There’s a disagreement over salt.
We’re sitting around a marble-topped dining table in a vast farm kitchen that’s barely warmed by the fire in the Everhot Deluxe Aga stove. Everyone has a cup of strong tea and a shot glass of home-made passionfruit liquor in front of them. It’s 9:45am.
In between bites of chewy ciambella doughnuts and icing sugar-doused crostoli, we pass around a small bowl of fried pork mince seasoned with salt, pepper, chilli, paprika and wine. We each take one of the teaspoons that sit on the rim of the bowl and taste the mixture.
“It needs more salt,” says Eddie, a farmer and the patriarch of the family. His wife Gina agrees. Everyone else – their son David, his wife Marie, her friend Nadia and me – thinks it’s salty enough.
But Eddie and Gina know best. Eddie grew up on a farm in Salerno, Italy and when he was 12 his family moved to a farm outside Sydney. He grew up making salami, prosciutto, pancetta and myriad other small goods every winter. He and Gina have been doing it on their Western Sydney farm for 34 years.
“'Doing the pig’ is a tradition for a lot of Italian families,” David tells SBS Food. “It doesn’t happen in Five Dock backyards [in Sydney's inner west] obviously – but families out in the western suburbs and the northwest where they’ve got land, you’ll find them doing it.
“Growing up, I remember old Italians coming over with wine and home-made prosciutto and arguing over whose was better.”
The process takes three days in winter when the temperature is cold enough that the meat won’t spoil. On day one, the pig is slaughtered and cleaned. On day two, it’s butchered and the various cuts are put under salt.
In the shed, Eddie shows me cuts of meat that are layered with sea salt in a plastic tub. There’s pork belly for pancetta, cheek for guanciale, rear leg for prosciutto, neck for capocollo.
“It gets salted and compressed with whatever we have on the farm,” David says. “Dad was a bricklayer builder, so when I was growing up, we used bags of cement.”
“This leg is roughly 15 kilos, so it stays 15 days under the salt. You keep checking it to make sure the salt goes right to the bone,” says Eddie.
When I ask how he can tell, Eddie shrugs. “I don’t know, experience I guess. I’ve been doing this for a long time now.”
When SBS Food visits, it’s the third and final day when offcuts are minced in an electric meat grinder, seasoned and checked for taste, then stuffed into sheep’s intestine casing using a hand-cranked sausage maker, ready to be hung in the cellar under the house for seven weeks. Salami is relatively quick, but prosciutto will stay hanging for at least two years. If done correctly, when the meat is sliced, it’s glossy, marbled with fat and meltingly delicious.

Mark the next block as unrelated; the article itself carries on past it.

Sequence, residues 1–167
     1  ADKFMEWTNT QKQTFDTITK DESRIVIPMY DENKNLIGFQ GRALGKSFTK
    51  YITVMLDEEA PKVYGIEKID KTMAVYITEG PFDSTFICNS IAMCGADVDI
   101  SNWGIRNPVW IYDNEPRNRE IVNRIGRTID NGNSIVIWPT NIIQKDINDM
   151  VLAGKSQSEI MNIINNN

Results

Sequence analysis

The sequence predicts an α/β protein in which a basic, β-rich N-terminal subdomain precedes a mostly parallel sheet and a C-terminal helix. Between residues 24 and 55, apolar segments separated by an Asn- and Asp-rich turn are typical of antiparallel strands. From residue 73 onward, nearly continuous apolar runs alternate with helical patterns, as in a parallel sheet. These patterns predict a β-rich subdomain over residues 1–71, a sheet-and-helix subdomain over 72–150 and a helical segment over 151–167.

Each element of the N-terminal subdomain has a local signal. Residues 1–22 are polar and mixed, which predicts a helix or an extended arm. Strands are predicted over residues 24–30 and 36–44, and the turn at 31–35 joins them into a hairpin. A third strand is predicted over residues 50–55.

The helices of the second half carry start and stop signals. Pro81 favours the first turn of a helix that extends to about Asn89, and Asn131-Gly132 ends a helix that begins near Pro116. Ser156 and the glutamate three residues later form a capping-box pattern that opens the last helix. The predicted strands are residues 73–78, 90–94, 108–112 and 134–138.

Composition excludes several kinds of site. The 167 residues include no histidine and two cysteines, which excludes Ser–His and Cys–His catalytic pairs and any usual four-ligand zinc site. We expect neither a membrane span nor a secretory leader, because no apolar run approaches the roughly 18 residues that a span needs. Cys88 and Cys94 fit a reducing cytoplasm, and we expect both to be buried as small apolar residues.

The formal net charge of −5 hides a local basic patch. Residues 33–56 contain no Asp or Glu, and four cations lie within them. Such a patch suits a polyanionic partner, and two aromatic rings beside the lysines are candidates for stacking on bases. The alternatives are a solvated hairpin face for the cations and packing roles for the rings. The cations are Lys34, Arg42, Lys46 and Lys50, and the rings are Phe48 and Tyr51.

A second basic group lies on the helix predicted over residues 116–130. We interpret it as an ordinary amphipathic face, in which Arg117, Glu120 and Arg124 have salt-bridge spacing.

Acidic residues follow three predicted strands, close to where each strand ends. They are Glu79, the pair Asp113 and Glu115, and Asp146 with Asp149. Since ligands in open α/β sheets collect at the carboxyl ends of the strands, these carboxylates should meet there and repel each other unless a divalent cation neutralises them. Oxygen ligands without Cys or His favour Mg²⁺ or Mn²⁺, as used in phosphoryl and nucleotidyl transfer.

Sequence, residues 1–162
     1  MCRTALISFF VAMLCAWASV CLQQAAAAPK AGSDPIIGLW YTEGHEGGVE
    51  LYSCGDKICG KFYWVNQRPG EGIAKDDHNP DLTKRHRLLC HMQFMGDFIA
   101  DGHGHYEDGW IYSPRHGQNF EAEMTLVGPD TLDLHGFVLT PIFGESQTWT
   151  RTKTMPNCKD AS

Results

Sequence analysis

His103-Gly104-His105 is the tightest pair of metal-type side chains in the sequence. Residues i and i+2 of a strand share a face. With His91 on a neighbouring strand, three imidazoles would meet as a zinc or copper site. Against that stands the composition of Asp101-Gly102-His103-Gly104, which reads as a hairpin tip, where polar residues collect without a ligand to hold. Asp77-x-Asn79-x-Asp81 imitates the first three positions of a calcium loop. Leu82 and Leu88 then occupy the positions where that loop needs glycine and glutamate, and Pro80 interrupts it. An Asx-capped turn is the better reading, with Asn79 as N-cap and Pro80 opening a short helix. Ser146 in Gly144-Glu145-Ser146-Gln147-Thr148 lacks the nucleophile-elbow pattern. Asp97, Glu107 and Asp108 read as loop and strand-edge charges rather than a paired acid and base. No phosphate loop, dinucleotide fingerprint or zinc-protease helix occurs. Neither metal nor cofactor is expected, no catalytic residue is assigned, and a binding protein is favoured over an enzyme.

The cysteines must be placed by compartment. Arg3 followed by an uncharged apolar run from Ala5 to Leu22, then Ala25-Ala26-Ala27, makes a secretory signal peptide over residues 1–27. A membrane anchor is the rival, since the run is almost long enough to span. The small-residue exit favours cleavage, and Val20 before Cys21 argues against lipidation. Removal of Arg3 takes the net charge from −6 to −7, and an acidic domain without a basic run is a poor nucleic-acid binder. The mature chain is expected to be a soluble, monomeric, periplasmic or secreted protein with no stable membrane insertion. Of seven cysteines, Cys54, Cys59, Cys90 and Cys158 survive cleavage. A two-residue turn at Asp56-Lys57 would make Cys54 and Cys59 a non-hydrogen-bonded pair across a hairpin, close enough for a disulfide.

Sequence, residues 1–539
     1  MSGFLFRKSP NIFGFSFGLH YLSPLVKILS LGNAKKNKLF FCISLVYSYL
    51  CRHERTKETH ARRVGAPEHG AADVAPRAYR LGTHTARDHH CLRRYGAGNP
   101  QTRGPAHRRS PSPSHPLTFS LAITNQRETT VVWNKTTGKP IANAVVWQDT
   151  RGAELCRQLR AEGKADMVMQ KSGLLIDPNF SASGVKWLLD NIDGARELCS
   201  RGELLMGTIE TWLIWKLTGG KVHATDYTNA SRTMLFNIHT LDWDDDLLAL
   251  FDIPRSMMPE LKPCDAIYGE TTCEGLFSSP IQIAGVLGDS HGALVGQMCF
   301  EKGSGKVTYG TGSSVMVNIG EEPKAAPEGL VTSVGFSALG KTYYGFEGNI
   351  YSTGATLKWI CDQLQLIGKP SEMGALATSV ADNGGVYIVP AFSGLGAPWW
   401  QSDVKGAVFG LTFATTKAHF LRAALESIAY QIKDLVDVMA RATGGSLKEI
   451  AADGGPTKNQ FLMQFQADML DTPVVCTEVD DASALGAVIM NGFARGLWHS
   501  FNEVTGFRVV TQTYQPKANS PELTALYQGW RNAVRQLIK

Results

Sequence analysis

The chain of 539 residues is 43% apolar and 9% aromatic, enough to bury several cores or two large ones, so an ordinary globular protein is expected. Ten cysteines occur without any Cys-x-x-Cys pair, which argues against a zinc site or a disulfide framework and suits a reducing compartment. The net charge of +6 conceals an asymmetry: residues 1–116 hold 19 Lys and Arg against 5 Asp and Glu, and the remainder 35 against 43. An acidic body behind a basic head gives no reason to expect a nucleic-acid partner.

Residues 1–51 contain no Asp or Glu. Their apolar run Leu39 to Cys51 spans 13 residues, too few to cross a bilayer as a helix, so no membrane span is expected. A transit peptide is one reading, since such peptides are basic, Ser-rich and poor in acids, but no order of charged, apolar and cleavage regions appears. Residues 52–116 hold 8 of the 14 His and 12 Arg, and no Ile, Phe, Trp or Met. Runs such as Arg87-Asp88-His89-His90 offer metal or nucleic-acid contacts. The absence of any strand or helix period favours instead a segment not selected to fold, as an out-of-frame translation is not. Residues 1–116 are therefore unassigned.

There’s only one way to deal with seasoning the offcuts from a 200-kilogram pig: by hand. Before morning tea, David and I rolled up our sleeves and as Eddie sprinkled salt and pepper over the top, we kneaded the seasoning through the meat, ploughing with our hands towards the centre of the pile and then squeezing hard.
After watching quietly from the side, Eddie stepped in and took David’s place at the table. “If we keep going like this, we’ll never get it done,” he said matter-of-factly, ploughing and squeezing the meat with enormous, weathered bricklayer’s hands.
“It gets salted and compressed with whatever we have on the farm. Dad was a bricklayer builder, so when I was growing up, we used bags of cement.”
Back in the kitchen, waiting for the meat to marinade, Gina is constantly in motion, clearing the table, baking a batch of tooth-cracking hard Sicilian mustazzoli, or honey biscuits, and starting the meatballs, sauce and home-made ravioli for lunch. When we’re shepherded back to the shed, we discover Eddie and David already there adding more salt to the meat.
Gina stands at the sink giving the sheep intestines a final rinse, and reminisces about her own family doing the pig. “Everyone has their own tradition. In the old days, I remember my mother made sure there was nothing wasted out of the pig. She would measure the cuts off with her hand, this for this, that for that. She was unbelievable,” she says.
Italian farms in Italy and Australia preserve an incredible amount of food. There are pickling days, tomato days, pig days. I spy at least 1000 bottles of passata around the farm wrapped in newspaper and stacked on their sides. The cellar is full of cherry grappa, wine, red wine vinegar, strawberry liquor and piles of vacuum-sealed smallgoods.
These days, it’s harder to find a family that raises, slaughters and processes a whole pig. One first-generation Italian-Australian recently made salami with a cousin who bought a side of pig from the butcher. David, who is a barrister, helps his parents each winter, but he doesn’t have the space, equipment or inclination to do it at his renovated cottage in Sydney's inner west. Traditions are alive, but they’re shifting.
“Eddie’s cousin still lives on an acreage in Italy with a humongous garden,” Gina says. “They make their own olive oil, grow their own vegies, make their own bread. She lives on one side of the highway and the main town is on the other side. It’s like living in two worlds: the city and the farm.”
Gina returns to the sink and washes a thick coating of cold fat from her hands under hot water. Behind us on the table are 20 finished lengths of cacciatore and salami, ready to be hung and dried in the cellar.
“It’s a hard way of life, but it’s a good life,” she says. Then she walks back up to the house to finish making lunch while Eddie and David dismantle and clean the sausage machine, ready for next winter.
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